Lancashire: Shrine of Our Lady of Fernyhalgh survives fire

Our Lady of Fernyhalgh

Our Lady of Fernyhalgh

An ancient Marian Shrine near Preston in Lancashire survived a small fire on Monday.  The Bishop of Lancaster, Rt Rev Michael Campbell said in a statement that just after 8am on Monday,  the Parish Priest of  St Mary’s, Fernyhalgh and Director of Ladyewell Shrine, Fr Tom Hoole, discovered a fire and called the fire brigade immediately.  

"Flames, smoke and heat spread from the fire  until the blaze was eventually brought under control.  An investigation is currently under way but the Fire Service has said that, at this stage, the cause was not thought to be arson," Bishop Campbell said.
That afternoon the Bishop visited the scene and discovered that the chapel and shop were almost completely destroyed. He said: "The rest of the house is intact but has suffered much smoke damage.  The relics and other religious artefacts  seem, on the whole, to be intact but have also suffered from the smoke.   The fire crews were able, on Father Tom Hoole’s instructions, to remove  the Blessed Sacrament before the chapel was almost completely consumed."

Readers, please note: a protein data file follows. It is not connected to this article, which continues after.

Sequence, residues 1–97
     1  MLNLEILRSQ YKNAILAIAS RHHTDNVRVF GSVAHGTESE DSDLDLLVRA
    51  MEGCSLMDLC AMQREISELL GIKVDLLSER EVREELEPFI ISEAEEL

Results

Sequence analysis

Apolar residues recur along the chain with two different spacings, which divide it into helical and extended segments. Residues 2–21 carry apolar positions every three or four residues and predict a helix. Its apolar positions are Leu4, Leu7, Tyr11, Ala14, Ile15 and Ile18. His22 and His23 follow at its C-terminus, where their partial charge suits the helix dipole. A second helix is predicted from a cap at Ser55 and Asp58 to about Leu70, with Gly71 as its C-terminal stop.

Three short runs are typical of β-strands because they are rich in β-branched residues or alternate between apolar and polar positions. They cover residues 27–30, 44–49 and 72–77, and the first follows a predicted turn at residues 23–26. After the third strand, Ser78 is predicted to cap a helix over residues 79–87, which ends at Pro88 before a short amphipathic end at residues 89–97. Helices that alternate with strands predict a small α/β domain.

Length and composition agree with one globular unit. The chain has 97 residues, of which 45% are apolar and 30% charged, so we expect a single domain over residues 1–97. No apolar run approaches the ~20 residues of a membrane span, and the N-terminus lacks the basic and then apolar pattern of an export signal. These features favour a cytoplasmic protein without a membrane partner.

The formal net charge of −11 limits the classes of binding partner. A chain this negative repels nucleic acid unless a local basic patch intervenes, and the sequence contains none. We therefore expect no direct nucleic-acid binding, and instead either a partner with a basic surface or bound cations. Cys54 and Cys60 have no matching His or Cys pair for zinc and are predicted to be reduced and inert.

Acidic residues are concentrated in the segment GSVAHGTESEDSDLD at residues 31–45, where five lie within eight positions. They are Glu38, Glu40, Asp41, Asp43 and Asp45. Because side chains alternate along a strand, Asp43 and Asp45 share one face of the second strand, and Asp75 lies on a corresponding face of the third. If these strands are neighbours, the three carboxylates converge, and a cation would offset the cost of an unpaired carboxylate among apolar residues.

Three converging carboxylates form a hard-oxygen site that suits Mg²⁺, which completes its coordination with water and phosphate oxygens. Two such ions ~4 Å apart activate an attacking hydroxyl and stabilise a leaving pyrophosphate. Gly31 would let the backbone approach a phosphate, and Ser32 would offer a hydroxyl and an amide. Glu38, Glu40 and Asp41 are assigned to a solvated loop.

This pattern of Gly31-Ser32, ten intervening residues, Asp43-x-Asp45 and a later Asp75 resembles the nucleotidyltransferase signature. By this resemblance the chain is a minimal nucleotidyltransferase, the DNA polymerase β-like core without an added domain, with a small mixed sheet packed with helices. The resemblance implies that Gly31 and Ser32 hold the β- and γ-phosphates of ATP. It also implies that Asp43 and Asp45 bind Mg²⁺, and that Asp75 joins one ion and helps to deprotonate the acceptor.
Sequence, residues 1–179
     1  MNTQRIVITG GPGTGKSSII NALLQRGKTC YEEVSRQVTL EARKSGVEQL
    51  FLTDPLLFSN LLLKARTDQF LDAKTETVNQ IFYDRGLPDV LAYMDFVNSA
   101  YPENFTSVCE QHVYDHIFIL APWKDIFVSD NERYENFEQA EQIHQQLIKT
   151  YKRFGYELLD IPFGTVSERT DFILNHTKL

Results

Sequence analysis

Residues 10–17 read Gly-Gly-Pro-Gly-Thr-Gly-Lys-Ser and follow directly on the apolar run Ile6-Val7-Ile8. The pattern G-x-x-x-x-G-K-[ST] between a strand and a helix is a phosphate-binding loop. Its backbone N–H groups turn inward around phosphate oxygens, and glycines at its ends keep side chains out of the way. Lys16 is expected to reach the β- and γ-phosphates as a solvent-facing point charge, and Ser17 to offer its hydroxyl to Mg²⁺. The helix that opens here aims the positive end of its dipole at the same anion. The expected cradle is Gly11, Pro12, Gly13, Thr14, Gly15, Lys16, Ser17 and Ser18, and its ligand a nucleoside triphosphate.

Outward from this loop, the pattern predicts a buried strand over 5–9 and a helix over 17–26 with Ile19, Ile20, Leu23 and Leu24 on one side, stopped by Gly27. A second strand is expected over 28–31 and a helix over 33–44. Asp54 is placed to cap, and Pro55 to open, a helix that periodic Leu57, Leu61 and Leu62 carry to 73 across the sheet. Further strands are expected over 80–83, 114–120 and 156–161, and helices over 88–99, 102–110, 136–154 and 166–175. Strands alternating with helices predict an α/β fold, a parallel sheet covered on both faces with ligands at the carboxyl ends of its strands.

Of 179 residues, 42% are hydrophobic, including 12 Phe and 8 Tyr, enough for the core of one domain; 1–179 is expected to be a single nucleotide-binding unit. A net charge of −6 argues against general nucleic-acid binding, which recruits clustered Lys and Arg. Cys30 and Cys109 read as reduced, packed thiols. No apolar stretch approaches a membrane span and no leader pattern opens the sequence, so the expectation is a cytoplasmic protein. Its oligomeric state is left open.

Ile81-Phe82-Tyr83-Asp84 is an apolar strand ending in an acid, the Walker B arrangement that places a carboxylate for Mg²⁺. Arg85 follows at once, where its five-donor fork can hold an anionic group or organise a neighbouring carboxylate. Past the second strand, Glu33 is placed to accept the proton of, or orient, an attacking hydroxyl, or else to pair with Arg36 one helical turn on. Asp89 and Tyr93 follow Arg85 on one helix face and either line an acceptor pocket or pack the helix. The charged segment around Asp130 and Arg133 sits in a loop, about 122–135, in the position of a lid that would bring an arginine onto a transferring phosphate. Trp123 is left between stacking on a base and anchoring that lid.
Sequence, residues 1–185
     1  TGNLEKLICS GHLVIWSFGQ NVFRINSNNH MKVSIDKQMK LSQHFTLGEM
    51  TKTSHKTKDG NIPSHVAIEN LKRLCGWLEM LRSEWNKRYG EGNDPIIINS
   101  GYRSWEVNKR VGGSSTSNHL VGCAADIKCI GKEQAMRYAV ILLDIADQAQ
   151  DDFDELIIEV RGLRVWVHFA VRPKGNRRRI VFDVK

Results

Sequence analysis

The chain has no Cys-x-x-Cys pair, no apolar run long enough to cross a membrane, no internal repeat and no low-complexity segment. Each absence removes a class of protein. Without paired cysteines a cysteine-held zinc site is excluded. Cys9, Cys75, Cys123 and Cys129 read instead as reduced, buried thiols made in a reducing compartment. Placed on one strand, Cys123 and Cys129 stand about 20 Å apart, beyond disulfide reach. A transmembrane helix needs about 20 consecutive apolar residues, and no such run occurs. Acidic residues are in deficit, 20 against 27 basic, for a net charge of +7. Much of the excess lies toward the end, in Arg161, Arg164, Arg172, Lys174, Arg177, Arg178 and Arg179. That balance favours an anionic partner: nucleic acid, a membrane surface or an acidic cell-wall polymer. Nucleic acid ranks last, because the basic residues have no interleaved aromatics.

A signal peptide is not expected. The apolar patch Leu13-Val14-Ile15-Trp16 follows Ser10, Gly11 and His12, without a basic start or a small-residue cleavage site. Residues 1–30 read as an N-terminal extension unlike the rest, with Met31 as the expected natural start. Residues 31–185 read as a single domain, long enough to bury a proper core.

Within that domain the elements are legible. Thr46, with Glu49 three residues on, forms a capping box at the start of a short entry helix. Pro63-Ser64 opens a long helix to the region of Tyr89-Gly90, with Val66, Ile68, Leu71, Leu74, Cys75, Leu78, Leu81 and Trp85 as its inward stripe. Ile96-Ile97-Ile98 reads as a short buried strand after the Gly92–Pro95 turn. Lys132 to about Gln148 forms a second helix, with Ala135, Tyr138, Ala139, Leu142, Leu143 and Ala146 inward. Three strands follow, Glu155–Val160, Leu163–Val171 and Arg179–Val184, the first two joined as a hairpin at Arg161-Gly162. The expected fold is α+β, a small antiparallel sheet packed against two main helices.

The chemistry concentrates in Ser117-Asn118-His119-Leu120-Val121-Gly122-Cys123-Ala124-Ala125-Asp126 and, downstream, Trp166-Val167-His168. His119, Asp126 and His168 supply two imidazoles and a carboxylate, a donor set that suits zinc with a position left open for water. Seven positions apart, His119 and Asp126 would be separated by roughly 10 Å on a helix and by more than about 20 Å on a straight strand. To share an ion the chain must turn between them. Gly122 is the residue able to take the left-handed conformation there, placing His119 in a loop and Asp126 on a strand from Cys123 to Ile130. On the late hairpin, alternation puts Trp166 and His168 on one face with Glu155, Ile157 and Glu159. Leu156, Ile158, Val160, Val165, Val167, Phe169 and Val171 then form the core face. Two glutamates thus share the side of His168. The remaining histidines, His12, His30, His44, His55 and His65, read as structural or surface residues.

"Obviously, at this time, our support and prayers are with Father Tom  Hoole and his dedicated team. Ladyewell Shrine, along with the local  area, has suffered from much turbulence over the centuries and survived  and flourished.  It will do so again.

The Shrine's website says: 'Devotion to Our Lady of Fernyhalgh goes back to  the 11th century. Since the Reformation a devotion to Our Lady as Queen of Martyrs has developed, which is reflected at Ladyewell in the reliquary, the presence of the Burgess Altar and the chapel of the English Martyrs. There has never been an apparition of Our Blessed Lady at Fernyhalgh just continued prayer and petition over seven centuries. Even during penal times, apart from a period of five years, the shrine attracted pilgrims and was the focus of local Catholic prayer.  A secluded spot, only four miles from the centre of Preston and in close proximity to a very busy motorway, surrounded on three sides by ancient and protected woodland, Fernyhalgh has retained it tranquil and sylvan charm.'

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